and happy with preventative maintenance
Ear disease is a frequent concern for many pet owners.
Approximately 20% of all animals brought to the veterinarian have otitis externa.
What is Otitis Externa?
Otitis externa is the inflammation of the external auditory canal.
What causes Otitis Externa?
A host of primary diseases are complicated with secondary otitis externa. The most common are:
· Atopy – an inhalant allergy characterized by scratching, paw licking and face rubbing.
· Food allergy – an allergy due to the hypersensitivity to certain food proteins or additives.
· Seborrheic conditions – characterized by the excessive production of oil in the skin and the formation of greasy scales.
· Foreign bodies - dirt, grass from lawns, loose hairs, etc. are also frequently responsible for otitis externa.
· Water or moisture – from baths, swimming, rain or high humidity.
· Hypothyroid disease.
The anatomy of the canine and feline ear is unlike that of the human ear.
There are a few distinct differences which increase the probability of ear disease.
1) The ear canal is deep and curved. This allows debris, wax and excess moisture to collect.
2) Certain breeds’ ears flap down covering the opening of the vertical canal. This does not allow proper ventilation, thus inviting bacteria and fungus to grow. Cocker Spaniels, Beagles and Labrador Retrievers are highly susceptible.
3) Some breeds have extremely hairy ear canals. Poodles, Schnauzers, Lhasa Apsos and other breeds that are frequently groomed should have their ears plucked regularly.
ü Excessive discharge (usually yellow, brown or black)
ü Inflammation – redness of the ear flap or canal
ü Shaking the head or ears
ü Obvious pain when touched around the ear
ü Tilting the head to one side
ü Stumbling or circling to one side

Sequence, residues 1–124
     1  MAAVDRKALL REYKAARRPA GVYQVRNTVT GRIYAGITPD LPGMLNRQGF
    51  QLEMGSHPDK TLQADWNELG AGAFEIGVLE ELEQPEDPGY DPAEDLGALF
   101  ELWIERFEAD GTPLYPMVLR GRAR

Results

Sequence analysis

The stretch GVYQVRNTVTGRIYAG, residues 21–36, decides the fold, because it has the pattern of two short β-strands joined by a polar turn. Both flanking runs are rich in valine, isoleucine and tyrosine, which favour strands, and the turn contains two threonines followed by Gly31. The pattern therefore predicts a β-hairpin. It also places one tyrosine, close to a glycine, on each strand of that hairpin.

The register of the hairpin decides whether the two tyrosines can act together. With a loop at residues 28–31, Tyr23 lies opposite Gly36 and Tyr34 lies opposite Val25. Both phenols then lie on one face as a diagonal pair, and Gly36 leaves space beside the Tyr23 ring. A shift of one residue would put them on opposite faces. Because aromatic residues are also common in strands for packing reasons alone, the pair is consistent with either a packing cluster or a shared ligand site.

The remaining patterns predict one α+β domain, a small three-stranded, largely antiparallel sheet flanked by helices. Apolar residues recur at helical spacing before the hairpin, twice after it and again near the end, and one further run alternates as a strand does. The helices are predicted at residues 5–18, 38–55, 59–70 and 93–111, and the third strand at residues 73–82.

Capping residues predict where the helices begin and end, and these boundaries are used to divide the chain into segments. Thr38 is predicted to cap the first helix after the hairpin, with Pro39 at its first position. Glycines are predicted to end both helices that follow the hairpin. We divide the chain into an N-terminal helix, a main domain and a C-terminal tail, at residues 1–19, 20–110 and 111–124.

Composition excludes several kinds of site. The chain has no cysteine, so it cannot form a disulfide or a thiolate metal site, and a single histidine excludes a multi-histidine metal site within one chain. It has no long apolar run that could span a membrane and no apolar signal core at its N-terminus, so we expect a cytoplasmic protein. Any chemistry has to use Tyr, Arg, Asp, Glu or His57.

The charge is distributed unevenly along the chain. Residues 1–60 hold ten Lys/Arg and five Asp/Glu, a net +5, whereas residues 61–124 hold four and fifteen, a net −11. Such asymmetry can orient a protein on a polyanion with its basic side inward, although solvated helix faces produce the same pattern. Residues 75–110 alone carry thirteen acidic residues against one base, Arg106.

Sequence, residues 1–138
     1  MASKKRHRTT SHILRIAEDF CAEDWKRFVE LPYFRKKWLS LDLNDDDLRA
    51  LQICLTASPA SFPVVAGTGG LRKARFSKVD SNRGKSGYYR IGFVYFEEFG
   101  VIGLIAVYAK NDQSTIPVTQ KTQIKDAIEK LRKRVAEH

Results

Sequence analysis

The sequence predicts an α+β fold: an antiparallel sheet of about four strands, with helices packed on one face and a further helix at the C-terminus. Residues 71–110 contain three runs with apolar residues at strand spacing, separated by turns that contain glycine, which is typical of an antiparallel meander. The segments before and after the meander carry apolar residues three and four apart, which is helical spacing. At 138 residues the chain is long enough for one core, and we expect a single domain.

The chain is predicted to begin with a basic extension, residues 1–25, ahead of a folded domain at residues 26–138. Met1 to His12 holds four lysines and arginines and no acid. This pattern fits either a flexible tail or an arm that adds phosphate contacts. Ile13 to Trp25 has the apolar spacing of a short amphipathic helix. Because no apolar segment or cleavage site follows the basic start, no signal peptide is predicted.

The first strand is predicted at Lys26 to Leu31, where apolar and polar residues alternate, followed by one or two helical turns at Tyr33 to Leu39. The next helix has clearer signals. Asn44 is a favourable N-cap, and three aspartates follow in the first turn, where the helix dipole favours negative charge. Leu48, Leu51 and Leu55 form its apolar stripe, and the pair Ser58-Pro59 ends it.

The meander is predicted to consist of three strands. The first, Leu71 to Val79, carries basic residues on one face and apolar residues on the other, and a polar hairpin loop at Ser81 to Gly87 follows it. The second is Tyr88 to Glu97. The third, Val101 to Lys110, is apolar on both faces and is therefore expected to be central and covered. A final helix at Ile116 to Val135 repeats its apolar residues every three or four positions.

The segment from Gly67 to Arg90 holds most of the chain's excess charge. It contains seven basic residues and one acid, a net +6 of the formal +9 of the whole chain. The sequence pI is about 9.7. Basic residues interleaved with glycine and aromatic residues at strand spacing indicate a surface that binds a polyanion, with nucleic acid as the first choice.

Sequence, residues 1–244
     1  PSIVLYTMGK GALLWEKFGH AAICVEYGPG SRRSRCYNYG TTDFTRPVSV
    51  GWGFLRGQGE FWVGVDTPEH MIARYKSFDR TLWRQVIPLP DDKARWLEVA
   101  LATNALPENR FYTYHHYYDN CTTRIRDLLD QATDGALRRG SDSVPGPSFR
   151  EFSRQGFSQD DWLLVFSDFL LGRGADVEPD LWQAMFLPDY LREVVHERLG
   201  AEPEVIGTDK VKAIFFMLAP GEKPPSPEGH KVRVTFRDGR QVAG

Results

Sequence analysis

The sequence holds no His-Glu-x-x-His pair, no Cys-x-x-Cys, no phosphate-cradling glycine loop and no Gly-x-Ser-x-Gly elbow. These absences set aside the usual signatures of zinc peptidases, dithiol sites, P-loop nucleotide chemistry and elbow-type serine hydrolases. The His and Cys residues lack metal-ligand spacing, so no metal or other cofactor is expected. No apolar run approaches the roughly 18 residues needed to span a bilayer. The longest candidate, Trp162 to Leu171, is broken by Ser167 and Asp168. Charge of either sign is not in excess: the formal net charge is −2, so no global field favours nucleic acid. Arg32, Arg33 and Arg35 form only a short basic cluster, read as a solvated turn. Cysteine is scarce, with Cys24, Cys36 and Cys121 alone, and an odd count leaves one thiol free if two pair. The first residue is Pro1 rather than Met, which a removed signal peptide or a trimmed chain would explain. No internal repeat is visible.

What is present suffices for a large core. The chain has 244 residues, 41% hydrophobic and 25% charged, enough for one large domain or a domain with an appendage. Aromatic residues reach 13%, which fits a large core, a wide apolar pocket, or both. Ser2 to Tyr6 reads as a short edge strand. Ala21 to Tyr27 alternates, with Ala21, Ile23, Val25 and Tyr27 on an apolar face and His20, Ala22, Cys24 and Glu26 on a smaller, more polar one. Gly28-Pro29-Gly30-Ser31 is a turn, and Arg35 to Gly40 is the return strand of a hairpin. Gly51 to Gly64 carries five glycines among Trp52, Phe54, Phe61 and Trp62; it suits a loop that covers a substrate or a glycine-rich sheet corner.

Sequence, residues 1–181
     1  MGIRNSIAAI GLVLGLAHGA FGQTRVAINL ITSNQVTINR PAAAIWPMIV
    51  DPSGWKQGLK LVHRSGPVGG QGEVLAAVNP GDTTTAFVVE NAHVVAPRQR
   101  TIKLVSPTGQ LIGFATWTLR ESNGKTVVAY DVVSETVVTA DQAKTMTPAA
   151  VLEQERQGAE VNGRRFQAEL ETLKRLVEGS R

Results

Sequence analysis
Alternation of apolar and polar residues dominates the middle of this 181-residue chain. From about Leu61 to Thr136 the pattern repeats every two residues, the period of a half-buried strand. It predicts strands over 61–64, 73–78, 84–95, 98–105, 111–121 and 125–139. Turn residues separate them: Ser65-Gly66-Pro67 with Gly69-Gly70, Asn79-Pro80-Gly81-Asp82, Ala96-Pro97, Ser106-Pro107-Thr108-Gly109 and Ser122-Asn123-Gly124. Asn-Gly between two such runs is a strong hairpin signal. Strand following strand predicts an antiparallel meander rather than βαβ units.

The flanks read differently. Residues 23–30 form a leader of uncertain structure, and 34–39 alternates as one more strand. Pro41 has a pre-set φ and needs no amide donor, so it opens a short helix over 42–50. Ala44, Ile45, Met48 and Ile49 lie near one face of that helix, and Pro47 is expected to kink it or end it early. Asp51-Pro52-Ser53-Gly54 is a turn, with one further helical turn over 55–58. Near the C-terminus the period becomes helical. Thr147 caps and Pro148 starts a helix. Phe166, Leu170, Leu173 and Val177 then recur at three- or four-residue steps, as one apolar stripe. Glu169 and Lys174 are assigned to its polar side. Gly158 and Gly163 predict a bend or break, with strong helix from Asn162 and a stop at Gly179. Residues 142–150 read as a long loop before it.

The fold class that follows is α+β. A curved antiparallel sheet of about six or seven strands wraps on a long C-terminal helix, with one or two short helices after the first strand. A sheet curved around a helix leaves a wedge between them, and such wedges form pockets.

ü Lethargy or depression
ü Marked swelling of the ear flap (aural hematoma)
If your pet develops any of the warning signs of otitis externa, an otoscopic examination by Dr. Marshall is recommended. The visit will include a physical exam, ear swab, ear cleaning and probably medication and ear cleaner along with recommendations to help prevent infection in the future.
In the mean time, regular cleaning of your pet’s ears will help reduce the likelihood of infection.
Clean your pet’s ears:
v After every bath.
v If your pet gets wet from the rain or swimming.
v If your pet has a chronic ear problem (i.e. we’ve seen him for ear infections more than twice a year).
How to clean your pet’s ears
Cleaning your pet’s ears is not difficult, but can be a chore if the animal doesn’t like it. It’s best to start teaching them as puppies and kittens to let their ears be handled. If you have an adult dog or cat, teach them with a few fun sessions that messing with their ears gets them a treat.
TRAINING TIP: Gently grasp the tip of the ear and hold it up. Give a treat. Lift the ear, gently stick your finger in, give a treat. Lift the ear, put cotton ball with ear cleaner on it in the ear canal, give a treat, massage the ear, give a treat… And so on. Working with the dog (or cat) when the ear is healthy is easier, but by going slowly and rewarding the pet for allowing you to handle the ear, you will soon have a much easier time cleaning the pet’s ears.
What you will need:
Ø An ear cleaner (either the home recipe above or the cleansing solution prescribed by Dr. Marshall. Never use water or hydrogen peroxide
Ø Cotton balls – don’t use Q-Tips as they make break off if the dog shakes its head.
Ø Medication – if applicable
Ø Treats to reward the pet
Step 1 – Clean the ear canal and ear flap
Ø Soak 2-4 cotton balls with ear cleaner (more if the ear is really dirty)
Ø Lift the ear flap and stick the cotton ball into the ear, don’t worry if it gets stuck, the pet will shake it out.
o Alternately, you can pour the ear cleaner straight into the ear.
Ø Massage the base of the ear to work the cleaner down the canal, remove the cotton ball and repeat.
Ø Wipe ear flap clean as needed.
Ø Wipe ear out with a dry cotton ball.
Ø Reward pet with treats as needed throughout Step 1.
Step 2 – Apply medication if needed.
Ø Lift ear flap and apply medication as shown.
Ø Reward pet.
Ø If your pet is getting ear medication, only clean the ear canal once a week during treatment unless otherwise directed by the veterinarian.